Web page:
Tax breaks are written into the legislation to reward savers and investors for their efforts. Following these tips can help relieve the tax burden for many.
If you are an expat resident in the UK, these tax breaks will work for you.
Setting more money aside for your pension is a good way to save tax. Higher rate taxpayers see their funds increase by £1,000 for every £600 they save – the £400 balance comes from tax relief on contributions.
Once in a pension, the fund grows tax-free and 25 per cent of savings can be taken without paying income tax. The rest of the cash is taxed, but probably at a lower rate than your earnings while working as your retirement income is likely lower.
Stocks and Shares ISAs don’t come with upfront tax relief like pensions, but the fund grows tax-free and no tax is paid on money drawn from an ISA.
Dividends are tax-free when paid on shares held within an ISA.
Bed-and-ISA is a strategy for investors to sell shares, crystallising profits and CGT. Simply sell shares held as an individual and buy them back straight away with your ISA.
If you are worried about Inheritance Tax and have already exhausted the limits you can hand to others as gifts, consider putting money into London’s Alternative Investment Market, a stock exchange for smaller companies.
No IHT is paid by an estate on AIM shares after they have been held for two years.
The Seed Enterprise Investment Scheme (SEIS) allows investors who have maxed out their pension and ISA limits to stake up to £100,000 a year against start-ups.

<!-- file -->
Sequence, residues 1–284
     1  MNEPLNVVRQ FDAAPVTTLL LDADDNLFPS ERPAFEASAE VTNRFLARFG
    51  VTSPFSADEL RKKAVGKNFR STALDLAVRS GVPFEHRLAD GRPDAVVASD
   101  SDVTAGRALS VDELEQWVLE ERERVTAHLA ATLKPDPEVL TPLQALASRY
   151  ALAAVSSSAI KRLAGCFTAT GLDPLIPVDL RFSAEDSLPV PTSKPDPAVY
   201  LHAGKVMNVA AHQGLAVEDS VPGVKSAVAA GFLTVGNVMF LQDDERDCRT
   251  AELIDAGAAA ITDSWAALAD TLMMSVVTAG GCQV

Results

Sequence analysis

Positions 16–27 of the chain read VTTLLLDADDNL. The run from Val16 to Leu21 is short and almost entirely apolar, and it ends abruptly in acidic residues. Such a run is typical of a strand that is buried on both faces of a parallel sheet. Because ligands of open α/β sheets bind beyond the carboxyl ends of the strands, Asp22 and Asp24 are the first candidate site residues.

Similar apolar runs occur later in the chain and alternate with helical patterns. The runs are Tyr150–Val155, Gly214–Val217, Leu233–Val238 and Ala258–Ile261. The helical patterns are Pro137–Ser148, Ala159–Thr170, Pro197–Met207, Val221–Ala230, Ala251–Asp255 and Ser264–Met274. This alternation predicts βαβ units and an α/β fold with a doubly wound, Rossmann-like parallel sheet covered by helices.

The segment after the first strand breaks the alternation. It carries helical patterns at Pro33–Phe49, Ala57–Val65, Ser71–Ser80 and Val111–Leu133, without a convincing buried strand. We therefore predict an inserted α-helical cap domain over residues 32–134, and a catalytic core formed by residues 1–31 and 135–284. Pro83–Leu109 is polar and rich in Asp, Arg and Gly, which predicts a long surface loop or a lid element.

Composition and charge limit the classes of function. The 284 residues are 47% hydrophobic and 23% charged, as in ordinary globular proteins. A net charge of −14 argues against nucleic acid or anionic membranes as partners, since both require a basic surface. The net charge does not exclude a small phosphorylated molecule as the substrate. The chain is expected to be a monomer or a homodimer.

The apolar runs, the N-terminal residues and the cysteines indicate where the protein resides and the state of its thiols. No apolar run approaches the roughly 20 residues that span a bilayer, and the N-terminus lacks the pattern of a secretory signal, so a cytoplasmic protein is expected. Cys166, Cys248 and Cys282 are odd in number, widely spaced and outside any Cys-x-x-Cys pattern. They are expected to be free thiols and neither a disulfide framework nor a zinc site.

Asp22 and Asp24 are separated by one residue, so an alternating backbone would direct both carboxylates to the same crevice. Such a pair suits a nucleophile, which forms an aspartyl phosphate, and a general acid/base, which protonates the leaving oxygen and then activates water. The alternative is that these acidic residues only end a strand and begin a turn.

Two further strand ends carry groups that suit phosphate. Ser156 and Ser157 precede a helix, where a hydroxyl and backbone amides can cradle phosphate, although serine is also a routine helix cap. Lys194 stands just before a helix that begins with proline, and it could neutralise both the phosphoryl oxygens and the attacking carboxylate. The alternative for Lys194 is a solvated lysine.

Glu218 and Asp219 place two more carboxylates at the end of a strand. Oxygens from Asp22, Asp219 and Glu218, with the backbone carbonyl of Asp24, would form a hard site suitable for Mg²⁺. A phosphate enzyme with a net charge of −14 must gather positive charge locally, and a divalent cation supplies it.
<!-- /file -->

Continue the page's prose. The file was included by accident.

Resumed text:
SEIS offers 50 per cent income tax relief on investments up to £100,000 each tax year. If you invest the full £100k, you can claim a refund of up to £50,000 income tax paid. Shares in SEIS companies grow free of CGT and if a deal turns sour, loss relief is available as well.
EIS (Enterprise Investment Scheme) and VCTs (Venture Capital Trusts) work in a similar way but with higher investment and tax relief thresholds.
If you are married or in a civil partnership, you can buddy up to shift assets between you without triggering tax.
You can buddy up to give a basic rate taxpayer a larger share to reduce the amount you pay as a higher rate taxpayer.
For example, as a 40 per cent taxpayer, you want to sell a buy to let worth £280,000. Assuming a net gain of £141,700, the owner has £38,149 CGT to pay. Passing a 50 per cent share to a spouse reduces the CGT for each owner to £16,589.
The total tax paid by the couple is £33,178 – a reduction of £4,971.
You need to tell HMRC what’s going on by filing a Form 17 with a declaration of trust. The cost varies between law firms but should come in between £400 and £1000.
AIM is a sub-market attached to the London Stock Exchange which helps small companies raise capital.
Nearly 4,000 companies have used the exchange since opening in 1982. Many CEOs consider AIM a step on the way to the full listing in the FTSE350 of large businesses. AIM works in the same way as the FTSE, but investors consider the market a higher risk than its bigger cousin.
You can invest in AIM companies directly or through a diversified fund.
Two routes are available to SEIS investors – going direct to a company seeking to raise funds or via a specialist fund.
Many SEIS companies pitch for investment through crowdfunding platforms.
British expats can benefit from UK tax breaks for savers and investors if they remain resident in the country.
Expats on assignment who intend to return to the UK when their time overseas ends are likely to stay UK tax resident, while others who have spent more than six months living in another country and intending to stay abroad are likely to become tax resident there.